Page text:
At the start, Webber nearly pushed Rubens Barrichello’s Brawn into the pit wall, and then made contact with Lewis Hamilton’s McLaren, and punctured the World Champion’s rear tyre in the process- He would earn a drive through penalty for the Barrichello incident.

As Webber and Barrichello put a gap on the field, the Aussie served his penalty on Lap 14 when the Brazilian pitted, but with some super race pace, Webber recovered and only dropped to 8th by the time of hit first stop on Lap 19.

With Felipe Massa’s slow pace in front in the Ferrari, Webber was brought back into the race and caught Barrichello by the time the second round of stops came, and when Rubens had a fuel rig problem that meant he had to stop again, the moment was finally here- When Sebastian Vettel pitted on Lap 44, Webber retook the lead, and he rocketed away to score the win that Australia had waited decades for, ahead of Vettel (A Red Bull 1-2) and Massa.

Shangri-bloody-La, at last.

It was the first win for an Aussie since ‘AJ’ won the 1981 Caesar’s Palace Grand Prix, and in response, Webber delivered an all time great post-race radio message, in all its uncensored glory:

Audio: FOM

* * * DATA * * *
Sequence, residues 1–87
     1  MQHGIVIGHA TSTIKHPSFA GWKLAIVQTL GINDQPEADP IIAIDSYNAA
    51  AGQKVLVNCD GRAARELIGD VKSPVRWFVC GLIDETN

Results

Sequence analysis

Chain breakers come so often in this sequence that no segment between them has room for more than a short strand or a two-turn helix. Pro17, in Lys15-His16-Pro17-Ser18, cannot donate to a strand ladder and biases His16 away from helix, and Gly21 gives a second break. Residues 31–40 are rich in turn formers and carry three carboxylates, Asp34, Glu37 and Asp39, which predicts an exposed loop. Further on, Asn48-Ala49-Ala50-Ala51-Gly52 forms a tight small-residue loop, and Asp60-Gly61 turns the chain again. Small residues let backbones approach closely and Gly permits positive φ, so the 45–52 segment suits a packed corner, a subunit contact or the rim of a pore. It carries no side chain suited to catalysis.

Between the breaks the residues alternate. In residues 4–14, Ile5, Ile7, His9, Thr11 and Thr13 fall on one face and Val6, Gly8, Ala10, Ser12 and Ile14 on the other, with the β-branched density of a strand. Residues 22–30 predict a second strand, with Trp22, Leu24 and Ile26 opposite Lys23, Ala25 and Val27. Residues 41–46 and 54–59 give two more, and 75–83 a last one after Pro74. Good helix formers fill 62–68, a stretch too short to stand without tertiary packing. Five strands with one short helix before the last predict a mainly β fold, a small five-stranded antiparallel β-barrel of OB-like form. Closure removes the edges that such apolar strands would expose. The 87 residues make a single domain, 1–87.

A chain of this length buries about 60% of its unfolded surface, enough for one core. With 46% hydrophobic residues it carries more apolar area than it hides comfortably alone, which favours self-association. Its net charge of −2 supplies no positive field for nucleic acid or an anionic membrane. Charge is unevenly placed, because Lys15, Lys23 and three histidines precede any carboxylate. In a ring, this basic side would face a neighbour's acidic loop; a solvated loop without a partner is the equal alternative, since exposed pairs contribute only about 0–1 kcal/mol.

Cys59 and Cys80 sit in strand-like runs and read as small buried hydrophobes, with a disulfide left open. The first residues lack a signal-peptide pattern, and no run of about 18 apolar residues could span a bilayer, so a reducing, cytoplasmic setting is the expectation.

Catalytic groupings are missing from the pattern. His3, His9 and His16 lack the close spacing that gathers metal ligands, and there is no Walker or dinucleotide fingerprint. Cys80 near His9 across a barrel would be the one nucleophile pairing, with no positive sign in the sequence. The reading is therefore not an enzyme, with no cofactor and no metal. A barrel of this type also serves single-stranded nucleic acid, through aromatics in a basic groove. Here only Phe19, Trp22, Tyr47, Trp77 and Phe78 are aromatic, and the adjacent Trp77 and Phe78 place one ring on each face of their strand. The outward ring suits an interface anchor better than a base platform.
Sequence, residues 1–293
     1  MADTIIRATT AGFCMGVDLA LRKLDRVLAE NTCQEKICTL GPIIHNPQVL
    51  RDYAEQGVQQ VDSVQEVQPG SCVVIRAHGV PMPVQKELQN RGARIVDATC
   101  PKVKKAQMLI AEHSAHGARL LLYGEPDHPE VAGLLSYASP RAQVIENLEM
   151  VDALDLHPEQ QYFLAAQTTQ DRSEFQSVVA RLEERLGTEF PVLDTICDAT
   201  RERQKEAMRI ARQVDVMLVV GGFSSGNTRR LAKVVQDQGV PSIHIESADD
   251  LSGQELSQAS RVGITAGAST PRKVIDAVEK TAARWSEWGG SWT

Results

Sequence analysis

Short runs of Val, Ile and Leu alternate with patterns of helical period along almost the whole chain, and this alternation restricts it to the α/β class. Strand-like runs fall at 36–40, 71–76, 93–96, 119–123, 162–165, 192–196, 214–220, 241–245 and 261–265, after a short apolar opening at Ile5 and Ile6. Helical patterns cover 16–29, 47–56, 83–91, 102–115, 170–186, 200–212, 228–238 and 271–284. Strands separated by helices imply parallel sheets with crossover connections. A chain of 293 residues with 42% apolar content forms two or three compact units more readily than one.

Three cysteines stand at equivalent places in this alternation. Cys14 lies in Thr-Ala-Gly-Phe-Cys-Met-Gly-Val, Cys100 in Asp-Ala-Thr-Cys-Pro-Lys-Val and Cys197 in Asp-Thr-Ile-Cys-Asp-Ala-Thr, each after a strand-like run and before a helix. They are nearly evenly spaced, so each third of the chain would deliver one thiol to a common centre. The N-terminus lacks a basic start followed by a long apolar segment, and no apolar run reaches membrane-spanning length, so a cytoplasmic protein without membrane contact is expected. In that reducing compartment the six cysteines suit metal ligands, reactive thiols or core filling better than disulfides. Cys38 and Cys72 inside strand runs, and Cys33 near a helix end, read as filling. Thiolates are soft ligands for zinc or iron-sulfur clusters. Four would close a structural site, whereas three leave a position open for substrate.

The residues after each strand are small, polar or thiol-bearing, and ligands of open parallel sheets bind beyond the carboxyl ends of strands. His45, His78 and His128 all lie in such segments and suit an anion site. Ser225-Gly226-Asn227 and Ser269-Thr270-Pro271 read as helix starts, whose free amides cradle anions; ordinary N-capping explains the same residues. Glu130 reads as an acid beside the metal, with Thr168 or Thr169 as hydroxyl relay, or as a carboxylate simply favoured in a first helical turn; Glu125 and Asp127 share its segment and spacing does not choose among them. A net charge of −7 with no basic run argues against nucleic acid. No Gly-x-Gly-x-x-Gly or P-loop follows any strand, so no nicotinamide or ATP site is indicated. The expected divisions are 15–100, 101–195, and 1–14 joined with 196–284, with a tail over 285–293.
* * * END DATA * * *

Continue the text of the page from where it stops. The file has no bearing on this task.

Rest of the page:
There are not many Australian drivers who have reached Formula 1 and few have been successful. It’s a real message to the Australian people. I’ve always tried to represent my country as best as I can. We’re a very proud sporting nation. There are a few people who doubted me , so hello to them!”

Mark Webber after the race

2014 Canadian GP: When Duncraig Dan won from nowhere

Awww yeah (Still: NBC Sports & FOM)

Another moment I won’t forget, as I woke up for the race at 1:30 on a Monday morning, not knowing why, but it was all worth it in the end.

After taking Mark Webber’s vacant seat at Red Bull, Daniel Ricciardo soon cemented himself as the best driver in the ‘Non-Mercedes’ Formula One World Championship, scoring a pair of podiums in Spain and Monaco in the lead-up to the Canadian Grand Prix, while the Silver Arrows of Nico Rosberg and Lewis Hamilton won the opening 6 races of the season almost untouched.

It was a pretty predictable qualifying in Montreal- Rosberg on pole, Hamilton alongside him, with Vettel starting 3rd and Ricciardo in 6th.